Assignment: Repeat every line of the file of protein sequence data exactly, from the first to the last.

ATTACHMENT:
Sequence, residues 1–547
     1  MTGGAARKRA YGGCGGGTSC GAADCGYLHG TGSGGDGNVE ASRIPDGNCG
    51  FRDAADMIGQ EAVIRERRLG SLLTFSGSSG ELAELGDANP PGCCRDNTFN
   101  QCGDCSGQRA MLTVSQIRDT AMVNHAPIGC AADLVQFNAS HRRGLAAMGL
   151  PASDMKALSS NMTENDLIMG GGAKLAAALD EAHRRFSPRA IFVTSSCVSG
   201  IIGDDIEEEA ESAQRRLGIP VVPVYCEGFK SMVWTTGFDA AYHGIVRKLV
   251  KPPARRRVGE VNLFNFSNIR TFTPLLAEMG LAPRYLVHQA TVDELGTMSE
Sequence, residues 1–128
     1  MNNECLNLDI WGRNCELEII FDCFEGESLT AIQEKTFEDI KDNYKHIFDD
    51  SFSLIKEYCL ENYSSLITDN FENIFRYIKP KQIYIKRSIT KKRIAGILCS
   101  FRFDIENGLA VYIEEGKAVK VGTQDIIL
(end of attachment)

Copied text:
Sequence, residues 1–547
     1  MTGGAARKRA YGGCGGGTSC GAADCGYLHG TGSGGDGNVE ASRIPDGNCG
    51  FRDAADMIGQ EAVIRERRLG SLLTFSGSSG ELAELGDANP PGCCRDNTFN
   101  QCGDCSGQRA MLTVSQIRDT AMVNHAPIGC AADLVQFNAS HRRGLAAMGL
   151  PASDMKALSS NMTENDLIMG GGAKLAAALD EAHRRFSPRA IFVTSSCVSG
   201  IIGDDIEEEA ESAQRRLGIP VVPVYCEGFK SMVWTTGFDA AYHGIVRKLV
   251  KPPARRRVGE VNLFNFSNIR TFTPLLAEMG LAPRYLVHQA TVDELGTMSE
Sequence, residues 1–128
     1  MNNECLNLDI WGRNCELEII FDCFEGESLT AIQEKTFEDI KDNYKHIFDD
    51  SFSLIKEYCL ENYSSLITDN FENIFRYIKP KQIYIKRSIT KKRIAGILCS
   101  FRFDIENGLA VYIEEGKAVK VGTQDIIL